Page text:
A Spawngroup is the main entity used to setup areas on the map where players can spawn in. They are used in conjunction with Spawnpoint entities (see below) to create these areas allowing players to spawn into the map. The Spawngroup entity is usually placed slightly above, but in line with, the CapturePoint. This is done so that it’s icon on the minimap lines up with the CapturePoint icon. A Spawngroup needs to be linked to all of the Spawnpoint entities and the link needs to be named “spawnpoint”. A Spawngroup can also be setup to be aligned to a specific team at the start of a battle, by setting the appropriate entity property. Note: For examples of setting up Spawngroup entities, place and extract the “Mechhanger” or “MechhangerCL” prefab on a blank map.
Spawnpoint entities are used in conjunction with the Spawngroup entity listed above. These entities represent the exact point on the map that a player can spawn at. These are usually placed inside hanger models, or inside bunker models for consistency on official MWLL maps. Note: For examples of setting up Spawnpoint entities, place and extract the “Mechhanger” or “MechhangerCL” prefab on a blank map.
All turrets used on maps must be placed on the map as an “Archetype Entity”. They are contained in the mwll_props.xml archetype library, which can be opened like any other through the Database view. They are contained under the “Multiplayer/autoturrets” heading group. Note that archetype libraries and prefab libraries may share the same name, but are stored in different locations and are not interchangeable.
The turrets that can currently be used for Terrain Control maps reliably are:
Other variations of turrets may also function, though they have not been tested and may not function correctly with TC game mode rules. Turrets that need to swap ownership on maps have a few small quirks at the moment in the way they need to be setup to actually capture and swap teams properly(these will be addressed and ironed out in future releases). First, they need to be linked to a capture point, in the same way that all other entities are, with the link being named “capture” and Second, their alignment will match that of the closest Factory entity. What this means, is that if a base is setup with turrets, but no factory entity, that base’s turrets will align themselves to the next closest factory, which could be at a base being held by the enemy. The workaround for this behaviour is to ensure that if a capture point has turrets, it also has a factory linked to the capture point, to ensure the turrets have the correct alignment.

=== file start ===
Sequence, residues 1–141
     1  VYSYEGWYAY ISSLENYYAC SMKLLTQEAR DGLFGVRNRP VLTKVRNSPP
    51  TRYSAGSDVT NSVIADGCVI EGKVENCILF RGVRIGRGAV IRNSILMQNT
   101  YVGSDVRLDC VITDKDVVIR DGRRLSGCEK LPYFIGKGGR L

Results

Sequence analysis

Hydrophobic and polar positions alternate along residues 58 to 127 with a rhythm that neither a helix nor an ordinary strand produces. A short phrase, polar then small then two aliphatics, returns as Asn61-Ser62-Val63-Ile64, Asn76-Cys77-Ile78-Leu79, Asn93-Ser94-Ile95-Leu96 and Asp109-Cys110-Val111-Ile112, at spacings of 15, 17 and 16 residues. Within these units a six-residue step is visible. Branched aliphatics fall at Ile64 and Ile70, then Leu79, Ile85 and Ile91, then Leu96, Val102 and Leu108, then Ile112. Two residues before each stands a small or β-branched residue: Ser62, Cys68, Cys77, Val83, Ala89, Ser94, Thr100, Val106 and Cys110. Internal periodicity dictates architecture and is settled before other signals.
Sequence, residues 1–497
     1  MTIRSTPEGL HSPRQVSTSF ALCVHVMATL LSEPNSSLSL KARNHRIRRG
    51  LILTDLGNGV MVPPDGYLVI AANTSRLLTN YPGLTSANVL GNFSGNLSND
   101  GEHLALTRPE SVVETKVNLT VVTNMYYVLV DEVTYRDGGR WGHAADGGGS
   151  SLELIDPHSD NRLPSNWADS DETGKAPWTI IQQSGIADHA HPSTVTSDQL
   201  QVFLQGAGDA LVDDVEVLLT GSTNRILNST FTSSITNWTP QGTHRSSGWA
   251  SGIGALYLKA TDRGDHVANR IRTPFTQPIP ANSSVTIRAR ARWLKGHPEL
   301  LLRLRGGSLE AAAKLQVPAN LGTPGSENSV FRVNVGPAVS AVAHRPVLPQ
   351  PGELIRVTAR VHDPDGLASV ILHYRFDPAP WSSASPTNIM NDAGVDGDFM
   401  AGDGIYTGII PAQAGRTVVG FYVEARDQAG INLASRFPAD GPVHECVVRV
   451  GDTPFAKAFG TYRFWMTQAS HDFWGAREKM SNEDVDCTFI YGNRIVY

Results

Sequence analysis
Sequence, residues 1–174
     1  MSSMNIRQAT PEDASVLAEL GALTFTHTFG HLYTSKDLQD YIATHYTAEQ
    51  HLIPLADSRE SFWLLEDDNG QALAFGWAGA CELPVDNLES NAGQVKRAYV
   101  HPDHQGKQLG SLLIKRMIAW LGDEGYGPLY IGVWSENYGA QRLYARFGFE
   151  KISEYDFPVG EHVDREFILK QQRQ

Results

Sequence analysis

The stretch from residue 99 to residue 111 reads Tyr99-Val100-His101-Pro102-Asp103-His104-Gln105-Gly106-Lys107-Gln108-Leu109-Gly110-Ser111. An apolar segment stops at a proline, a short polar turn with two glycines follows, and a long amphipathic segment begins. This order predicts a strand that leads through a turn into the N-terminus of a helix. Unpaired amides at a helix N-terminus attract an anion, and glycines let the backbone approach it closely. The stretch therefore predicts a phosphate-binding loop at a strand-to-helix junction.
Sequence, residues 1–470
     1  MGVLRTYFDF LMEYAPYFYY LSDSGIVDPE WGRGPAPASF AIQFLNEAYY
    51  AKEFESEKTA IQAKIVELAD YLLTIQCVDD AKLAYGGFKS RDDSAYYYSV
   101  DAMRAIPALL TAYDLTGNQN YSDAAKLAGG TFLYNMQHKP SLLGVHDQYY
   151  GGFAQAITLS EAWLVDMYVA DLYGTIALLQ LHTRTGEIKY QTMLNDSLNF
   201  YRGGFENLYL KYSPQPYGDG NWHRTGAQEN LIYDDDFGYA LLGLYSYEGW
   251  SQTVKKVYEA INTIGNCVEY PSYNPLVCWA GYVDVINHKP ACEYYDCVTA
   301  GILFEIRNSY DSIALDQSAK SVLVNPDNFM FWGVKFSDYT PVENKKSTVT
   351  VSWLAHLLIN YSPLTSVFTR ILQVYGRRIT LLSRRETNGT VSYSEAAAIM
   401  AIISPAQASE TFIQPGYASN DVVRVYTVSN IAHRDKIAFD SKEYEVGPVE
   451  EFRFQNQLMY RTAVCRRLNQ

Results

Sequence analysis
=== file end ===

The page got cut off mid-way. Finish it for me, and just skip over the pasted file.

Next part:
Basic Capture Point Setup
The above image, as its footnote states, is a completed working capturable base. It is taken from the community map TC_StarLeagueCache, which is nearing completion at the time of writing this document. The base itself features 2 single bay mechhangers, 2 repair bays, 2 Sentinel(2xMBL) turrets, 1xHellgiver(1xLBL) turret, a spawning location with individual spawn points inside the mechhangers and a capture point to allow it all to change sides when captured.
Following is a short guide on setting up a similar, yet somewhat simpler, working capturable base for a terrain control map. This image is depicting a very simple capturable base, with all of its entities placed, though not connected as yet. There is a single mechhanger, placed from the prefab “TC_Neutral_Mechbay\Singlebay_nospawn_defFactory” and extracted before being re-grouped for ease of selection. An area shape has been placed down around the base as can be seen, making sure to keep the mechhanger, which will also contain the spawn points, out of being capturable. The other entities include the Capture Point itself, a Spawngroup entity, 3 Spawnpoint entities (which will represent 3 places the player can spawn into) and lastly, a Sentinel Turret archetype entity (Contains 2xMBL).
The first thing that should be done is to set the Capture Point’s properties, link it to all of the other entities and move it to its proper location inside the area to be captured. The capture point entity places an icon on the minimap to allow selection for capturing, and it is more intuitive to have that icon actually be in the capture area rather than off in some arbitrary place. As can be seen in the image on the right, this capture point has had its weighting for both teams set to “2”, has had its type changed to “factory” and is linked to the turret, mechhanger factory and the Spawngroup. All of the links are named “capture”.